Port of L.A.’s Seroka: No Contingency Plans for Strike

Labor Talks Have Affected Container Volume, Executive Director Says
Activity at the Port of Los Angeles
Container volume at the Port of Los Angeles dropped 35% year-over-year.in March. (Damian Dovarganes/Associated Press)

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Port of Los Angeles Executive Director Gene Seroka said April 12 that there are no contingency plans if labor negotiations turn into a work stoppage or strike.

The Pacific Maritime Association has been in contract talks with the International Longshore and Warehouse Union since the middle of last year. PMA represents ocean carriers and terminal operators.

“There are no contingency plans for this,” Seroka said when asked during an online press conference. “This is not a transactional business. Purchase orders go in from merchandisers at large and small companies 90 to 120 days before a ship sails. Once that product is ready and it’s booked to a vessel, that’s en route from 14 up to 40 days before it gets to Los Angeles, and then moves to its onward carriage, destination, warehouse, fulfillment center, crossdock or storefront for our ultimate consumers.”

Seroka doesn’t believe a full-on work stoppage is likely; the union hasn’t gone on strike since the early 1970s. He noted that there is no strike vote planned at this time. Seroka also praised the rank-and-file dockworkers for being on the job six days a week since the pandemic began.

“We need to continue to focus our efforts at the table,” Seroka said. “I don’t see a widespread labor disruption at any time in the future, but again, all eyes are focused on us. We’ve been 11 months in negotiations as an industry, the PMA and the ILWU. It’s time to cut through all these very challenging discussions and get to an agreement, bring that confidence back to the marketplace.”

Negotiations hit a speed bump the prior week when a labor shortage halted operations for two days starting April 6. PMA accused ILWU Local 13 of withholding labor during the morning shift and said those actions effectively shut down the ports of Los Angeles and Long Beach. The National Retail Federation responded by renewing calls to the White House to engage in the negotiations and prevent disruptions to cargo flows.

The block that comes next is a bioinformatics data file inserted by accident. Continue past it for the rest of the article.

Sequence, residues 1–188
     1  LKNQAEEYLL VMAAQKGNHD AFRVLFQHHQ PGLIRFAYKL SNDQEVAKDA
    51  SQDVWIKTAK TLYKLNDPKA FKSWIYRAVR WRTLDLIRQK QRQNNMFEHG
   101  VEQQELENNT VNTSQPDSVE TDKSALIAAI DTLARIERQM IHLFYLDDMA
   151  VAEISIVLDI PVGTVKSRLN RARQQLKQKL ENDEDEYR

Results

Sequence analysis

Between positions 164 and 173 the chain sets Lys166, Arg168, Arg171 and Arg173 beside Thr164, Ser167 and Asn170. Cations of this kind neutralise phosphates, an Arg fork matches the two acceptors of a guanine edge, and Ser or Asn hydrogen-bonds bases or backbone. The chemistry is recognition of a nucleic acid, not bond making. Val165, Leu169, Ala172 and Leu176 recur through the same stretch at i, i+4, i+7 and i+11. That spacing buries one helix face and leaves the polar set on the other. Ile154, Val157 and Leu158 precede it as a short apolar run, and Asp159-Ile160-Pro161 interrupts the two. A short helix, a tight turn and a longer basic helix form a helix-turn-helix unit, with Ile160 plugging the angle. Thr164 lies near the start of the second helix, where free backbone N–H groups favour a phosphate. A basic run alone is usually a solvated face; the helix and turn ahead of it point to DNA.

“The ports of L.A. and Long Beach saw a little movement of goods on last Thursday’s nightside and Friday’s dayside shifts,” Seroka said. “On Thursday, the ILWU’s routine first-of the-month stop work meeting was held, during which the new president of Local 13, Gary Herrera, was installed, taking over for Ramon Ponce de Leon. The collective bargaining agreement between the union and the employers guarantees these monthly meetings, which are dedicated to addressing the union’s proceedings.”

Seroka added the first shift that Friday also concluded with little work at cargo terminals. Operations returned to normal on Friday evening. He noted that there normally is a lower volume of activity during the morning shift on Good Friday, so the impact to operations was relatively minor.

“However, this situation captured the nation’s attention, and rightly so,” Seroka said. “It’s a reminder that a negotiated labor agreement is crucial in our efforts to regain shipper confidence and bring the cargo back to L.A. Although we don’t have a seat at the bargaining table, we’re closely monitoring the situation on a daily basis, we’re maintaining communication with acting Labor Secretary Julie Su, officials at the federal, state and local levels, along with representatives from both sides of the negotiations. Simply put, there’s no bigger priority right now than this contract agreement.”

Seroka said widespread concern over the negotiations and overall marketplace trends hitting discretionary spending were to blame for a recent decline in port volumes. Los Angeles saw a 35% year-over-year decline in processed volumes to 623,000 20-foot equivalent units in March. The year-ago period was exceptionally busy, but the recent data still was down 13% compared with the five-year average. However, it was up 28% from the prior month.

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